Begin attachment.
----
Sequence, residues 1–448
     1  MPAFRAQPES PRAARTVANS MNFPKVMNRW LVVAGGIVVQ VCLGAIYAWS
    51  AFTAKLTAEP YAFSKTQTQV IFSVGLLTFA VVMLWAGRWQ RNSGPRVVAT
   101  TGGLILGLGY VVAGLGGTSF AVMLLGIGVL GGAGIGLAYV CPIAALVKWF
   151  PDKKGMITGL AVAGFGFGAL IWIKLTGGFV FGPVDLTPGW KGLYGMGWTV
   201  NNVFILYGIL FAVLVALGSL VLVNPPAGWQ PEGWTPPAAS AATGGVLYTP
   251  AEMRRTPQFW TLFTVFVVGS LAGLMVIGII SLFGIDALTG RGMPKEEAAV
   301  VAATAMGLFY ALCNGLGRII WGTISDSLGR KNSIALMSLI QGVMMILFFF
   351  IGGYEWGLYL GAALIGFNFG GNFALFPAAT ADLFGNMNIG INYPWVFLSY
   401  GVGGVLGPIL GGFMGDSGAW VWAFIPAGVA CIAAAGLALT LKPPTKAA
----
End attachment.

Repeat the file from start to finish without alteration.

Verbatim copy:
Sequence, residues 1–448
     1  MPAFRAQPES PRAARTVANS MNFPKVMNRW LVVAGGIVVQ VCLGAIYAWS
    51  AFTAKLTAEP YAFSKTQTQV IFSVGLLTFA VVMLWAGRWQ RNSGPRVVAT
   101  TGGLILGLGY VVAGLGGTSF AVMLLGIGVL GGAGIGLAYV CPIAALVKWF
   151  PDKKGMITGL AVAGFGFGAL IWIKLTGGFV FGPVDLTPGW KGLYGMGWTV
   201  NNVFILYGIL FAVLVALGSL VLVNPPAGWQ PEGWTPPAAS AATGGVLYTP
   251  AEMRRTPQFW TLFTVFVVGS LAGLMVIGII SLFGIDALTG RGMPKEEAAV
   301  VAATAMGLFY ALCNGLGRII WGTISDSLGR KNSIALMSLI QGVMMILFFF
   351  IGGYEWGLYL GAALIGFNFG GNFALFPAAT ADLFGNMNIG INYPWVFLSY
   401  GVGGVLGPIL GGFMGDSGAW VWAFIPAGVA CIAAAGLALT LKPPTKAA